"simple juxtaposition"

Nigel Vincent nigel.vincent at MANCHESTER.AC.UK
Wed Nov 26 07:13:25 UTC 2008

Can I express my agreement with Claude and Hartmut about the need to  
treat prosody on an equal footing with other aspects of linguistic  
structure? I agree too that prosodic work needs to rely on proper  
instrumental analysis. (I also think semantics is best done with the  
tools of formal logic, but that's probably more controversial.)  
Anyway, for a good study that tries to accord each domain equal status  
I would mention the following paper by our former PhD student, Louise  
Mycock (now at Oxford):
'Constituent question formation and focus: a new typological  
perspective', Transactions of the Philological Society 105 (2007), pp.  

Quoting claude-hagege <claude-hagege at WANADOO.FR>:

> Dear Hartmut, Östen and Martin,
> In my opinion, Hartmut is quite right. Prosody can easily be compared
> across languages, provided we resort to precise measures, in Hz and
> seconds, of intensity variations, melodic curves and time-sharing.
>    Such measures are available in any good phonetics lab. Any linguist
> who wishes to make sure that prosodic arguments he uses are solid
> should not hesitate to work in this way (if I may refer to a work of
> mine in passing, I did so in "On categories, rules and interfaces in
> linguistics, The Linguistic Review 21, 2004, 257-276).
>    Let us at last stop ostracizing prosody when it appears that it
> plays an important role as a function-marker.
> Best
> Claude Hagège
> ----- Original Message ----- From: "Martin Haspelmath"   
> <haspelmath at EVA.MPG.DE>
> Sent: Monday, November 24, 2008 3:03 PM
> Subject: Re: "simple juxtaposition"
>> No, Hartmut, don't worry. What I mean is that prosody cannot be   
>> easily compared across languages.
>> It's fairly easy to compare segmental overt marking (genitive,   
>> person affixes), especially with the absence of segmental marking   
>> (juxtaposition).
>> In practical terms, Andrew and Irina will have to ignore prosody in  
>>  their definition of juxtaposition at this point, so for them   
>> Västerbotten Swedish will count as juxtaposition.
>> Martin
>> Hartmut Haberland wrote:
>>> Really Martin, do you /mean/ that intonation (prosody) is no overt  
>>>  marking? Has the "written language bias in linguistics" taken  
>>> over  for good? Even Bloomfield knew that /'black 'bird/ vs.   
>>> '/blackbird/ contrast not just in meaning but also in form - and   
>>> /not/ because of the difference in spelling.
>>> Hartmut
>>> Martin Haspelmath wrote:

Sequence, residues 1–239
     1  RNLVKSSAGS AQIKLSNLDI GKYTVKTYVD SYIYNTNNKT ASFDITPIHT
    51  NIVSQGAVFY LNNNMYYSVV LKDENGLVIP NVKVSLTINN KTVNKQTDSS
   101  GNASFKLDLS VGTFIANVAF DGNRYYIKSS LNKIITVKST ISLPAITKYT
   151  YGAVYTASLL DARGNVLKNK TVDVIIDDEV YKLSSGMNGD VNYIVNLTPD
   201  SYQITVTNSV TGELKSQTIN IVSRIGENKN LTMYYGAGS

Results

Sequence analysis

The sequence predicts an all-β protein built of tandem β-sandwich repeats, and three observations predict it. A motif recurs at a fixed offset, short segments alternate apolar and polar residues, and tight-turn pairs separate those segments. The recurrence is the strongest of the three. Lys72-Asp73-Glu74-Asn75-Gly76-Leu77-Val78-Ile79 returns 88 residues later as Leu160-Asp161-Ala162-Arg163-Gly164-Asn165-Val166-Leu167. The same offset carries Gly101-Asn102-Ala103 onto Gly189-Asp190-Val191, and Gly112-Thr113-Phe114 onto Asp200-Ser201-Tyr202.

>>>> I disagree with David and Östen:
>>>> David Gil wrote:
>>>>> Re the Västerbotten dialect: I would tend to agree with Östen   
>>>>> Dahl that, as compounds, they don't really belong in the same   
>>>>> boat as true syntactic juxtapositions.
>>>> Östen Dahl wrote:
>>>>> I also think that "simple juxtaposition" is not a wholly   
>>>>> adequate label for these constructions, which are rather to be   
>>>>> seen as a kind of incorporation involving among other things   
>>>>> "compound" prosody.
>>>> Whether "simple juxtaposition" is an appropriate label for   
>>>> Västerbotten (Swedish) Pelle-äpple 'Pelle's apple' or not depends  
>>>>  on the definition of "simple juxtaposition" as a comparative   
>>>> concept. Typologists are free to define their comparative   
>>>> concepts in whatever way they want, and they cannot assume that   
>>>> "juxtaposition" exists as a pre-established category (innate or   
>>>> otherwise given in advance, independently of the linguist).
>>>> Recall that this is how Andrew Spencer and Irina Nikolaeva define  
>>>>  the concept "simple/pure juxtaposition":
>>>> "by means of pure juxtaposition, without any other   
>>>> morphosyntactic marking (agreement, adpositions, case marking   
>>>> etc.)"
>>>> This is not a very precise definition (it is unclear what exactly  
>>>>  is meant by "morphosyntactic marking", and especially by  
>>>> "etc.").  However, the interpretation that many readers would  
>>>> think of  first is in terms of "overt marking" (usually by  
>>>> segmental  marking, but possibly by stem change, as in the Welsh  
>>>> example).  But there is no overt marking in Swedish, so this does  
>>>> fit  Andrew's and Irina's definition. Östen points to "compound   
>>>> prosody", implying that "simple juxtaposition" should not have   
>>>> "compound prosody". But such a move does not work in typology,   
>>>> because "compound prosody" is not a universally applicable   
>>>> notion. Comparative concepts need to be defined in terms of   
>>>> universally applicable concepts.
>>>> Östen also suggests the label "incorporation", but how this is   
>>>> different from juxtaposition is unclear. Often it is thought of   
>>>> in terms of non-referentiality of the incorporee, but in   
>>>> Västerbotten the incorporee can evidently be referentil   
>>>> (Pelle-äpple).
>>>> Martin
>>>> P.S. I think the term "simple (or pure) juxtaposition" is   
>>>> somewhat confusing, because it suggests that "complex   
>>>> juxtaposition" also exists. In fact, however, juxtaposition is   
>>>> universally understood in the Spencer & Nikolaeva sense: as   
>>>> expression of a relationship between A and B by putting A next to  
>>>>  B without any overt coding. Juxtaposition is thus  
>>>> "simple"/"pure"  by definition.
>> -- 
>> Martin Haspelmath (haspelmath at eva.mpg.de)
>> Max-Planck-Institut fuer evolutionaere Anthropologie, Deutscher   
>> Platz 6 D-04103 Leipzig      Tel. (MPI) +49-341-3550 307, (priv.)   
>> +49-341-980 1616
>> Glottopedia - the free encyclopedia of linguistics
>> (http://www.glottopedia.org)

Professor Nigel Vincent, FBA
Associate Vice-President for Graduate Education

Mailing address:     School of Languages, Linguistics & Cultures
                      University of Manchester
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